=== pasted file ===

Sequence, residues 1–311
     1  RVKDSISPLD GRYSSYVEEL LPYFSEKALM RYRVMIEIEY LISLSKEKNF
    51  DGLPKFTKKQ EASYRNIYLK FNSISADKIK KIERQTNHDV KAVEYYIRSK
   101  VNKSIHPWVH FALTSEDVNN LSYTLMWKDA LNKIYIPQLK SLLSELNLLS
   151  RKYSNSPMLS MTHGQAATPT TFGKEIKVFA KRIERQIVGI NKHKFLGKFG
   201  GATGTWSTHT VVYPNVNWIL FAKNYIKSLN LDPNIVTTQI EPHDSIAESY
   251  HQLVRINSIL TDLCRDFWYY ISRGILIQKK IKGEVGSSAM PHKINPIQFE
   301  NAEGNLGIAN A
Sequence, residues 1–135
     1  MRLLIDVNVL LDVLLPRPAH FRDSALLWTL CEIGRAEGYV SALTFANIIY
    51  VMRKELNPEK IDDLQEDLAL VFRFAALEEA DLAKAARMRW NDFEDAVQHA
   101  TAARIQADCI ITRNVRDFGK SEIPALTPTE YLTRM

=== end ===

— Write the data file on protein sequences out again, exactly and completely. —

Sequence, residues 1–311
     1  RVKDSISPLD GRYSSYVEEL LPYFSEKALM RYRVMIEIEY LISLSKEKNF
    51  DGLPKFTKKQ EASYRNIYLK FNSISADKIK KIERQTNHDV KAVEYYIRSK
   101  VNKSIHPWVH FALTSEDVNN LSYTLMWKDA LNKIYIPQLK SLLSELNLLS
   151  RKYSNSPMLS MTHGQAATPT TFGKEIKVFA KRIERQIVGI NKHKFLGKFG
   201  GATGTWSTHT VVYPNVNWIL FAKNYIKSLN LDPNIVTTQI EPHDSIAESY
   251  HQLVRINSIL TDLCRDFWYY ISRGILIQKK IKGEVGSSAM PHKINPIQFE
   301  NAEGNLGIAN A
Sequence, residues 1–135
     1  MRLLIDVNVL LDVLLPRPAH FRDSALLWTL CEIGRAEGYV SALTFANIIY
    51  VMRKELNPEK IDDLQEDLAL VFRFAALEEA DLAKAARMRW NDFEDAVQHA
   101  TAARIQADCI ITRNVRDFGK SEIPALTPTE YLTRM